Whenever possible, taxes should be reduced, not increased. This has historically proven to increase revenue. In recent decades government has expanded dramatically but it’s time we re-establish the original role of government. A smaller, more efficient government would leave more money in Lucas Yonkman the hands of those who earned it, leaving them in a better position City Councilman to support churches and other Position 4 non-profits who have historically provided for many of the social and financial needs of our most vulnerable. They can do the job more efficiently and with a closer, more meaningful connection to those they serve and to the broader community.

Any budget, business, government, or household incorporates expenses and revenue, the only difference are the zeros at the end. There are a number of ways to increase spending cash, in this case we could raise taxes, cut spending or a combination of the two. Mike Piccone Personally, I think taxes are too high and have been for a number City Councilman of years. While raising taxes is a Position 7 way to increase revenue, before I would vote to raise a single dollar in taxes, I would scrub every line of the budget and remove wasteful and unnecessary spending, and eliminate every dollar of that first.

I think tax increases should only be considered as a last resort and should go for the vote of the people. There are other ways that we can explore to generate revenues for the City of Oak Harbor to avoid tax burden to its citizens. Foremost is economic developDanny Paggao ment: job creations, job retention, attracts new businesses, nurture City Councilman existing businesses, and tourism. Position 7 This will enhance the economic vitality of the City by increasing its tax base. Let us continue to work together to make Oak Harbor a better place to live, work, and play.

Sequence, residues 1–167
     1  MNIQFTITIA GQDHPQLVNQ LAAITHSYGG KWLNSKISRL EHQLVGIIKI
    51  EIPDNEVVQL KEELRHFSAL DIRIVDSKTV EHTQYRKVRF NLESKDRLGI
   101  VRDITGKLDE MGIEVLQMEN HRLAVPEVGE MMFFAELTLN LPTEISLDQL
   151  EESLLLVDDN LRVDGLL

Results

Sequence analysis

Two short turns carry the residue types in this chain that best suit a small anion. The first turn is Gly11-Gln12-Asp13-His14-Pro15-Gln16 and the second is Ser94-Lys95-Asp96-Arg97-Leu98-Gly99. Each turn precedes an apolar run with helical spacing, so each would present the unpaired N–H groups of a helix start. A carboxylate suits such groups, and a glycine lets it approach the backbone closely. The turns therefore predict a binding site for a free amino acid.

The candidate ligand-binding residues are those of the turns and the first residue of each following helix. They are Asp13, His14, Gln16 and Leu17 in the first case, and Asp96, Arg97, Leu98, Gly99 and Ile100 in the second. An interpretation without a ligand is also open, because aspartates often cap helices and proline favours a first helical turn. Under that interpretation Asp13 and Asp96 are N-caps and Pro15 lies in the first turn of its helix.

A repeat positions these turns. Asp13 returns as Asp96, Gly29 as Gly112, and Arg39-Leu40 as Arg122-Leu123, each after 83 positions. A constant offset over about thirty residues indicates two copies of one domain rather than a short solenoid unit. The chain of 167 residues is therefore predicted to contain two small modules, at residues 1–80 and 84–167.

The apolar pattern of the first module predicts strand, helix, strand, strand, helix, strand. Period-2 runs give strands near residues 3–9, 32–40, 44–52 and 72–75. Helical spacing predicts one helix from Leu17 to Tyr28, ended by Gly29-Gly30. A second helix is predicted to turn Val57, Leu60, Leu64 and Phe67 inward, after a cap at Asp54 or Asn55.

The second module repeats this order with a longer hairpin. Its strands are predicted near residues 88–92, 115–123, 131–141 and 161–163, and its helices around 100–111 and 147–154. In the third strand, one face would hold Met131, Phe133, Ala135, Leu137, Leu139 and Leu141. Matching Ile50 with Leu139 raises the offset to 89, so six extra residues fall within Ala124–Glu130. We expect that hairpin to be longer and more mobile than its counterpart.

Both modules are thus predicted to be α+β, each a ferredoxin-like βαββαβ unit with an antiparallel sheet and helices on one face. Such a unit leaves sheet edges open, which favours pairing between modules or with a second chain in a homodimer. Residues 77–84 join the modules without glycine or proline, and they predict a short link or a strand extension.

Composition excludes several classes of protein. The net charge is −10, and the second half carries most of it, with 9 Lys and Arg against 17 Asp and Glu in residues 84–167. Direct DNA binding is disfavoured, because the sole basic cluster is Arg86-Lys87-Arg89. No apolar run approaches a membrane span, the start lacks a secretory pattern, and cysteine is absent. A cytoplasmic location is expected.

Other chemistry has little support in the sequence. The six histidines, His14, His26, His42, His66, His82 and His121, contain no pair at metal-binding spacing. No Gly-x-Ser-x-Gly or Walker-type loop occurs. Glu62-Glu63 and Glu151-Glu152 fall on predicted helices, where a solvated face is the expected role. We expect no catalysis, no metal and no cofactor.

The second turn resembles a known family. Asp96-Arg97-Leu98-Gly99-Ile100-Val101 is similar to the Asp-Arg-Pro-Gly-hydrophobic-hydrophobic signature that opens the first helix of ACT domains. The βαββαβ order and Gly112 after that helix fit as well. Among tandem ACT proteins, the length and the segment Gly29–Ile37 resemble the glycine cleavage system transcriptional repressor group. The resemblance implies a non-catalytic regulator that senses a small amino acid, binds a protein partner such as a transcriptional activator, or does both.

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Write to us: The News-Times welcomes letters from its readers. We reserve the right to edit all submissions. Letters should be typewritten and not exceed350 words. They must be signed and include a daytime phone number. Send items to P.O. Box 1200, Coupeville WA 98239, or email editor@


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Saturday, July 13, 2013 • Whidbey News-Times